IoC containers can usually create singletons in a thread-safe manner, which is not the same as making the singletons thread safe. The IoC also container manages the lifetime of the singletons - in fact using an IoC container seems like a pretty good solution to many of the issues associated with singletons.
Richard had changed my mind, so I decided to write about it as I felt this was quite profound, for me at least. However, now that I have written about it I am no longer convinced. I started off describing Gang of Four singletons and then how I favoured parameterise from above.

Managed singletons, as I hope I’ve clearly explained, are very different. They don’t ensure a class has only one instance and do they really provide a global access point? Ironically, in at least one IoC container implementation I know of the container itself is a Gang of Four singleton and has a static access method that must be used if you want to use an object managed by the container outside of the container. Dependency injection too is a form of ‘parameterise from above’.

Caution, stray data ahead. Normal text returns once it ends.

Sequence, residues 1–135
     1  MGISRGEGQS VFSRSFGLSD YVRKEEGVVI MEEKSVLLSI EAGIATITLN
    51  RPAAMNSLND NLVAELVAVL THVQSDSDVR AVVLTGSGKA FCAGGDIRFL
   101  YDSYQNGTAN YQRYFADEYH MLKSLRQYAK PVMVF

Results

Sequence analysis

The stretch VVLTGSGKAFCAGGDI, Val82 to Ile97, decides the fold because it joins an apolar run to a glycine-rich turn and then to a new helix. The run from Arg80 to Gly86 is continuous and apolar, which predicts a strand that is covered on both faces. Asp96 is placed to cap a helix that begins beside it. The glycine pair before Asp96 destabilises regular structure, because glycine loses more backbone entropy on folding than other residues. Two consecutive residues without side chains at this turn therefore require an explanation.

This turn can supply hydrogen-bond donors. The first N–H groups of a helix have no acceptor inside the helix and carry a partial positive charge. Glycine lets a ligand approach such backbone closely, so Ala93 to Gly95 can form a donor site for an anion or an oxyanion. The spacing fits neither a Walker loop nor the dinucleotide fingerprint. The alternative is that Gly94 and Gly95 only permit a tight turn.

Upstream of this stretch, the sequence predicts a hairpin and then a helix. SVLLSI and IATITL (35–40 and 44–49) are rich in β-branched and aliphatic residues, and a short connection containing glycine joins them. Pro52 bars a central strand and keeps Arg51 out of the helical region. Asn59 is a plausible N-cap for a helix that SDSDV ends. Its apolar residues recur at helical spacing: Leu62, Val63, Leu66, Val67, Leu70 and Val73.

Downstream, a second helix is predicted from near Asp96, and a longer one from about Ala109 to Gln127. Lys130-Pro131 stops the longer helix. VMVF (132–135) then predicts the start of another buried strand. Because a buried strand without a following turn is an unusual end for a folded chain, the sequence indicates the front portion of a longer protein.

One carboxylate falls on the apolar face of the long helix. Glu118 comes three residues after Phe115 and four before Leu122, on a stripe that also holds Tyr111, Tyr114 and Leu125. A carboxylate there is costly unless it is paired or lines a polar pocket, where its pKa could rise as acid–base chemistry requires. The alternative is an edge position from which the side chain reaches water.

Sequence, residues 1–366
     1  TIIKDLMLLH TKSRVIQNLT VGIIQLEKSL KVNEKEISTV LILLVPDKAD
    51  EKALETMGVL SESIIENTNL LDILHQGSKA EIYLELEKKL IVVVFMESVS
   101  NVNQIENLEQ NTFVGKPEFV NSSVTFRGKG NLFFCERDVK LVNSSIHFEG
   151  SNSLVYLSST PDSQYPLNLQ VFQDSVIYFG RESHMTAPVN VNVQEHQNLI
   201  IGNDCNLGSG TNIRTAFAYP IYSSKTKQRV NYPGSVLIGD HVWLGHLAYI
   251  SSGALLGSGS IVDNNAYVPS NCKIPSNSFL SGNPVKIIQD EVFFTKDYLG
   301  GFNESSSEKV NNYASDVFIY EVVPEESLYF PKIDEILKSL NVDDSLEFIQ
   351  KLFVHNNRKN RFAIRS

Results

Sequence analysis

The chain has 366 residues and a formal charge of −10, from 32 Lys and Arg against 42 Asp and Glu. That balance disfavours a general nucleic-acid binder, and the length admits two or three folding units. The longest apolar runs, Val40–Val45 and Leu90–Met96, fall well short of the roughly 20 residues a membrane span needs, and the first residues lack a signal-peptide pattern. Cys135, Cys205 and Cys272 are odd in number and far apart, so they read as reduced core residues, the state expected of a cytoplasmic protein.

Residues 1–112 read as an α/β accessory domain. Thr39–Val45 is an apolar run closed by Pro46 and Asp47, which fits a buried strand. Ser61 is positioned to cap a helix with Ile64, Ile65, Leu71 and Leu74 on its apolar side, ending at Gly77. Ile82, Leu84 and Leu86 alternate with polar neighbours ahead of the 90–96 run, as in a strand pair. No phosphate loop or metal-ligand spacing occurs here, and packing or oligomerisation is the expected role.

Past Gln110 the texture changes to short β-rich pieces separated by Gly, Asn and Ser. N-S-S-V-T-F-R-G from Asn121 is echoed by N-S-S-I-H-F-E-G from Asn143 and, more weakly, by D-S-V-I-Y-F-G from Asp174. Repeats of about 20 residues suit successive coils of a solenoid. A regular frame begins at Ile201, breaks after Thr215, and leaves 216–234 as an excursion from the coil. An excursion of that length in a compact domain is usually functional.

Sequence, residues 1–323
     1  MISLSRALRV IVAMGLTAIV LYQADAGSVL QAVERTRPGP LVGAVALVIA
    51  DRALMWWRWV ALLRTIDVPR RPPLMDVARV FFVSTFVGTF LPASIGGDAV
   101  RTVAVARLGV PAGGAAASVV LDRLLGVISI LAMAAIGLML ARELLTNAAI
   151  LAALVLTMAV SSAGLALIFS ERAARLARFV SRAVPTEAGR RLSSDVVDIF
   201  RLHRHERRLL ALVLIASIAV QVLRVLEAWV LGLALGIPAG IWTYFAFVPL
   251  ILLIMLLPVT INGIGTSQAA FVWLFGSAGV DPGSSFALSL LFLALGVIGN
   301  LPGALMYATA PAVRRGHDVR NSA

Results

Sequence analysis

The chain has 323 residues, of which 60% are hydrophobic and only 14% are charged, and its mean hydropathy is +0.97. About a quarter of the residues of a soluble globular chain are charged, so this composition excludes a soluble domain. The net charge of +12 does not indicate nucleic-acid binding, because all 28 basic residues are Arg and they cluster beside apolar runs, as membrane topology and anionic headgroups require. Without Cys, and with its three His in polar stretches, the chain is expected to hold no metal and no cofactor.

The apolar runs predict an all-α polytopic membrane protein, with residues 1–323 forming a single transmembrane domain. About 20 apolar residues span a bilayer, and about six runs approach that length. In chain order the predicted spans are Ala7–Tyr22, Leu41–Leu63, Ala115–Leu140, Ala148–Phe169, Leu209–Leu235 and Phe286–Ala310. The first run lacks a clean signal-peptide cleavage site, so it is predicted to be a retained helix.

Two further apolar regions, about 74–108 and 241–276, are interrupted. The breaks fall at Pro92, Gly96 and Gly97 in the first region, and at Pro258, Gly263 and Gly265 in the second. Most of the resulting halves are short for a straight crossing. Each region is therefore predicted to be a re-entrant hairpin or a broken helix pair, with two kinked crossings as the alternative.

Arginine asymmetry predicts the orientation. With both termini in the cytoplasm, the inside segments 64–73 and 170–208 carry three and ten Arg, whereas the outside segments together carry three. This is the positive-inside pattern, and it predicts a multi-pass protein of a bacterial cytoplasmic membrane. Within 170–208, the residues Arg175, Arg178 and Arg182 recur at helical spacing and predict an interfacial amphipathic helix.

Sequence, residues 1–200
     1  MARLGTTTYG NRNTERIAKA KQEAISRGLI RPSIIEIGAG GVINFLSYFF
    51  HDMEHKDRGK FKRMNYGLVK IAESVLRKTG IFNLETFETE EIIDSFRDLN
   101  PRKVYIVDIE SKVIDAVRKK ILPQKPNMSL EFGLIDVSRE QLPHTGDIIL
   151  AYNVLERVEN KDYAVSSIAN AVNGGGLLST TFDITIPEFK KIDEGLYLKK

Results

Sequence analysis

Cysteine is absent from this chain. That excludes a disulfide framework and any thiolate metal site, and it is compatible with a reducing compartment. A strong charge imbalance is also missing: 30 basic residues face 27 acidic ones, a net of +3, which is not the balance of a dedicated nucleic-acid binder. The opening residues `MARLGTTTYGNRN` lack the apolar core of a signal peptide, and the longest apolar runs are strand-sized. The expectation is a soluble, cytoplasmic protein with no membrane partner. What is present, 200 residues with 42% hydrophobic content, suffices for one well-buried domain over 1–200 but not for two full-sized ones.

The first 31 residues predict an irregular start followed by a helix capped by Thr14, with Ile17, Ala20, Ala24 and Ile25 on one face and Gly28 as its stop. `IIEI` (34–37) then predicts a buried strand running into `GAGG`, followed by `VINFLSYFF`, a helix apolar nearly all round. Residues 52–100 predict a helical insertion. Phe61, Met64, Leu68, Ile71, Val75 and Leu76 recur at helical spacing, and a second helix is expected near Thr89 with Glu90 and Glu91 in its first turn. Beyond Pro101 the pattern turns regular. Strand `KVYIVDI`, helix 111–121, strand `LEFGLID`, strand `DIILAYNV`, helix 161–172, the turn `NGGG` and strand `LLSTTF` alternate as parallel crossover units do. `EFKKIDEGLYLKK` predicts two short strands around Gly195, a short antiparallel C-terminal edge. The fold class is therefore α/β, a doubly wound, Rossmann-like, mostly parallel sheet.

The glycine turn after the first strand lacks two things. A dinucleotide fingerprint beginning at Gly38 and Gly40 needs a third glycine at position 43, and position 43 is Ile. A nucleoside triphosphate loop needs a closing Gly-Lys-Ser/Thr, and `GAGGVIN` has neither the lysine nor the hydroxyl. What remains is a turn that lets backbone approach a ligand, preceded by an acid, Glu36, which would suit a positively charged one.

Maybe common thinking has shifted from considering Gang of Four singletons alone and now managed singletons (or similar) are considered singletons too. Personally, I don’t buy this. Singletons are still dangerous and should be handled with care. Remember, always parameterise from above.

Acknowledgements

Thanks to Geraint Williams, Kevlin Henney and Richard Featherstone for their contributions to the article.

 [GangOfFour] Design patterns: elements of reusable object-oriented software by Erich Gamma, Richard Helm, Ralph Johnson, John Vlissides. ISBN-13: 978-0201633610

[SingletonPattern] http://en.wikipedia.org/wiki/Singleton_pattern

[ACCU] ACCU: http://www.accu.org/

[PfA] Paramaterise from Above: http://accu.org/index.php/journals/1411, http://accu.org/index.php/journals/1327

[NorfolkDevelopers] Norfolk Developers: http://norfolkdevelopers.com

[DependencyInjection] Dependency Injection: http://martinfowler.com/articles/injection.html

[IoC] Inversion of Control: http://martinfowler.com/articles/injection.html


1 comment:

  1. Gang of Four was 1994 in the Smalltalk and C++ object-oriented world of the time. Many of the patterns are as valid now as then, many are not. Someone needs to write the replacement book to provide Java, Kotlin, Ceylon, Scala, Rust, C++, D, Go, Python, Ruby, Groovy, Clojure, etc. contexts.